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Ticks You Don’t Want

Summer is here! While the long awaited warmer weather means we can head outside and enjoy the sunshine with our pets, it unfortunately has also encouraged some creepy crawlies to show themselves as well. The combination of recent rains and the warm conditions have resulted in the perfect environment for paralysis ticks to flourish.

Whilst usually more common in coastal areas, at Bligh Veterinary Services Centre we have had reports of ticks popping up in unexpected places.

Paralysis ticks are small insect with a distinct pale grey body. They tend to thrive in warm and wet conditions and usually live in bushy areas, however can sometimes be found in parks and even gardens. As they grow they seek out higher branches and leaves, then as an unsuspecting animal walks past they will drop on to them and begin feeding.

As suggested by their name, it is this feeding process that will cause paralysis to the unlucky victim. As the tick feeds it will secrete a powerful neurotoxin into the bloodstream, resulting in a profound paralysis.

This toxin will generally take anywhere between 2-3 days for signs to manifest, but in smaller animals may be quicker. Once signs develop they can progress quickly and form what we call an ‘ascending paralysis’.

Img 9410 Ticks You Don'T Want

The paralysis tends to ascend from the hind limbs, up through the body towards the head over hours or days. Wobbly back legs are often the first visible sign, however presentations can vary substantially. As the syndrome progress, the animal will be completely unable to walk as all the limbs become affected.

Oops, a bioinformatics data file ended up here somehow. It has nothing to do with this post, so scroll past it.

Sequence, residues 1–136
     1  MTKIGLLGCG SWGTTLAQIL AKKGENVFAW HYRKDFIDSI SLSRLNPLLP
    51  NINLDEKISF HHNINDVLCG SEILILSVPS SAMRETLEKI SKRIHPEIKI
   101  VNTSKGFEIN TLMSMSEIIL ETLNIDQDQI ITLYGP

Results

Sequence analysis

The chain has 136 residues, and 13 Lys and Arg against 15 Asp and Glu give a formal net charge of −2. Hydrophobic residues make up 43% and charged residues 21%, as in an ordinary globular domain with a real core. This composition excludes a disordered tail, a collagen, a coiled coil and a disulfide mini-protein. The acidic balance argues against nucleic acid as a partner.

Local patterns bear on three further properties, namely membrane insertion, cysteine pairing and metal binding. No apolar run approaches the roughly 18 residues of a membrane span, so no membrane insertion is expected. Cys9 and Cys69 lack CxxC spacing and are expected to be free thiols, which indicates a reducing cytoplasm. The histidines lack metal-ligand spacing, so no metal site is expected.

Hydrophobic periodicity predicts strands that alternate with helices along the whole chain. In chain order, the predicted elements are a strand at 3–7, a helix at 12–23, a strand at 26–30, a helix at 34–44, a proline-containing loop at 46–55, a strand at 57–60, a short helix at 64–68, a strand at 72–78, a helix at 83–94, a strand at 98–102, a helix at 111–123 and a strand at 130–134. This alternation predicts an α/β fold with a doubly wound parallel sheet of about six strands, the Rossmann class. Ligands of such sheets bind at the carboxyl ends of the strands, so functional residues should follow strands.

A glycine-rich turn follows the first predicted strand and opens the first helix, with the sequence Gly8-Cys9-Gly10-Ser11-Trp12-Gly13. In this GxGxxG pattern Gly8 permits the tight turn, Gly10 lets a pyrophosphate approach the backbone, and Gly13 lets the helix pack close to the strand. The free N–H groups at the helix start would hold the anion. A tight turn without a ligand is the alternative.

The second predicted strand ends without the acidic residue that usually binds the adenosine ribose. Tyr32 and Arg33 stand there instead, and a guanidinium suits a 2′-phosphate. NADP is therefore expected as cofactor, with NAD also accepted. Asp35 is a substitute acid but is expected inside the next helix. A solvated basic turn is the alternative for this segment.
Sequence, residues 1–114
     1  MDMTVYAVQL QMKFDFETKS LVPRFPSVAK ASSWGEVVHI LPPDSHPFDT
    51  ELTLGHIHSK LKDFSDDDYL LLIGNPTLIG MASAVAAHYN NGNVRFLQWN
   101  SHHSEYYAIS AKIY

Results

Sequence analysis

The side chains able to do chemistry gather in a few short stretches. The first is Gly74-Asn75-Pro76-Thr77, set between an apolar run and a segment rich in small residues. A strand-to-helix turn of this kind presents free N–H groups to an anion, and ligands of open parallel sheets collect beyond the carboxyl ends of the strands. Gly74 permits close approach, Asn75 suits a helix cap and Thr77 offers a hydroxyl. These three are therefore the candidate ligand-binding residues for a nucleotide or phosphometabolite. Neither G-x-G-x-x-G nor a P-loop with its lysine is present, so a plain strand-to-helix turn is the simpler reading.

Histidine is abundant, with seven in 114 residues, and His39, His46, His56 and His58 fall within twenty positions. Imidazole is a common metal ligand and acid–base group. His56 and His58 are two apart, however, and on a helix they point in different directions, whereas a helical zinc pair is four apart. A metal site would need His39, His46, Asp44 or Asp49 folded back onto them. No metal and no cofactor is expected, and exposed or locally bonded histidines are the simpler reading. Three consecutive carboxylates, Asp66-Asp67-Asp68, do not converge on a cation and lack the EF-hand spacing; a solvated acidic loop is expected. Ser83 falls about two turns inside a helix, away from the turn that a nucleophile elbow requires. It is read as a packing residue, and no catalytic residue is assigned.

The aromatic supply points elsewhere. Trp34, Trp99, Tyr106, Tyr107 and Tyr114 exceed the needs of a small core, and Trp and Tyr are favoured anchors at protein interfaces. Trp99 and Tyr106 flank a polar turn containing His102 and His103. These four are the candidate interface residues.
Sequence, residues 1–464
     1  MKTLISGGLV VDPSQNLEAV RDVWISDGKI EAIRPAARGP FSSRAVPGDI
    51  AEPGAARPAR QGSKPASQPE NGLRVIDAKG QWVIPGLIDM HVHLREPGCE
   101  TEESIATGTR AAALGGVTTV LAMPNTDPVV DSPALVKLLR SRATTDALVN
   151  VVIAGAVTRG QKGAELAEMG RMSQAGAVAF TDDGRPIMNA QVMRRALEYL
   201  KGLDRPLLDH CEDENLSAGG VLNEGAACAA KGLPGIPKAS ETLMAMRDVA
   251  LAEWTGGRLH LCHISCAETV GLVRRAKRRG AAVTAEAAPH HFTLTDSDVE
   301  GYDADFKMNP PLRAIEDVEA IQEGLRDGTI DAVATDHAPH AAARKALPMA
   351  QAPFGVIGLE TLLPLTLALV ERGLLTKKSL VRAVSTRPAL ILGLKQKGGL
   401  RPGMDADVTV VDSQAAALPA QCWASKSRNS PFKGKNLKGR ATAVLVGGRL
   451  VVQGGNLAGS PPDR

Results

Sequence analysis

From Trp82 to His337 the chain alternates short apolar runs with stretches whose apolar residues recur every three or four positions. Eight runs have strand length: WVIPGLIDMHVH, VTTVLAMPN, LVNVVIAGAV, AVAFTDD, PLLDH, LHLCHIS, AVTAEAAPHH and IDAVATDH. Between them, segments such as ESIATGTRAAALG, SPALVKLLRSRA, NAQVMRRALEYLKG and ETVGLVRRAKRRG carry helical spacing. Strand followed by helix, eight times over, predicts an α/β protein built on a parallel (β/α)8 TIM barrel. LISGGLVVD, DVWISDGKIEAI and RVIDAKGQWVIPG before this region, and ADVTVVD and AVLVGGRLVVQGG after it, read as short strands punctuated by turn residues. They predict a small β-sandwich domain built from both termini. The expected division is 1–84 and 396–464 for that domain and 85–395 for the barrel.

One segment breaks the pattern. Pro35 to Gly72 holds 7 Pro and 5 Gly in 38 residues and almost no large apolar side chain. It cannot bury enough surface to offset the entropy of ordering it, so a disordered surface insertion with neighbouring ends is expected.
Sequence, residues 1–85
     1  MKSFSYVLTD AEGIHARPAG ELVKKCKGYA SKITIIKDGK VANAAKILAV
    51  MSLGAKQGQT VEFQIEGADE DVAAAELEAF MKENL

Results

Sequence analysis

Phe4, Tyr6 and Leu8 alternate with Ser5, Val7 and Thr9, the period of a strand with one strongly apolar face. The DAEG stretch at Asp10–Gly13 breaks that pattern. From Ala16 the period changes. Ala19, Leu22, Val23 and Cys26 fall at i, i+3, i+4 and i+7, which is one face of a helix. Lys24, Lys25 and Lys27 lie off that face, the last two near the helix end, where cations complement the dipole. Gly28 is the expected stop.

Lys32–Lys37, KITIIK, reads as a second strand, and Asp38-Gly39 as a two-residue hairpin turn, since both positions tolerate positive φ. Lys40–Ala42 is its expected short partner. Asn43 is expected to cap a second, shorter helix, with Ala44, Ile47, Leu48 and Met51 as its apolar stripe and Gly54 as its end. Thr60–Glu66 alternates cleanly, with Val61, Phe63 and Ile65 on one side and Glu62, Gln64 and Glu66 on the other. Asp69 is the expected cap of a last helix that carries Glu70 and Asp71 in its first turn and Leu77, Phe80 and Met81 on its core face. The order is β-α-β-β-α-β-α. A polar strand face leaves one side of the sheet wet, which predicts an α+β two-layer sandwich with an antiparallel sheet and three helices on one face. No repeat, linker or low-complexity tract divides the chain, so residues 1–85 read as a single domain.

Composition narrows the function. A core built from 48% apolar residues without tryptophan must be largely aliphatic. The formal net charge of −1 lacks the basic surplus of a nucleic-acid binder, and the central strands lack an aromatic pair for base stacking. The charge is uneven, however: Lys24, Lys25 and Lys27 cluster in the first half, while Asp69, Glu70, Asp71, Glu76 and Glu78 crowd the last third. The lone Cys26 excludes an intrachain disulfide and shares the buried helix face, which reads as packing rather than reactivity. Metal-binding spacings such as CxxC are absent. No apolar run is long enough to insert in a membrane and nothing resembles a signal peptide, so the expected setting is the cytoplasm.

The toxin will then start affecting all muscles throughout the body, inclusing those that control swallowing and barking and most importantly, the muscles of the chest that allow an animal to breath. If left unattended, this paralysis will leave an animal unable to breath and result in death.

Signs that tick paralysis are developing include weak or wobbly movement, breathing difficulties, changes in bark or vocalisation, vomiting and regurgitation.

Fortunately tick paralysis can be treated by means of an antiserum, but due to the way that tick serum binds to muscle, even after they are treated, most animals will still get worse for some time before they get better. Additionally, even mild cases of tick paralysis will still require long hospital stays and require significant supportive care to recover fully.

This is absolutely a case where prevention is better than cure and fortunately there are a wide range of effective tick preventatives on the market today for both dogs and cats. When given regularly, these products almost completely negate the risk of deadly tick paralysis.

Whilst classic knowledge has often reccomended only giving these products through summer, our changing climate has led us to see ticks popping up even through the winter months, and as such we recommend year round preventative medication be given to your pet.

If you have any questions or are worried about your pet, feel free to call us at Bligh Vet Services Centre.

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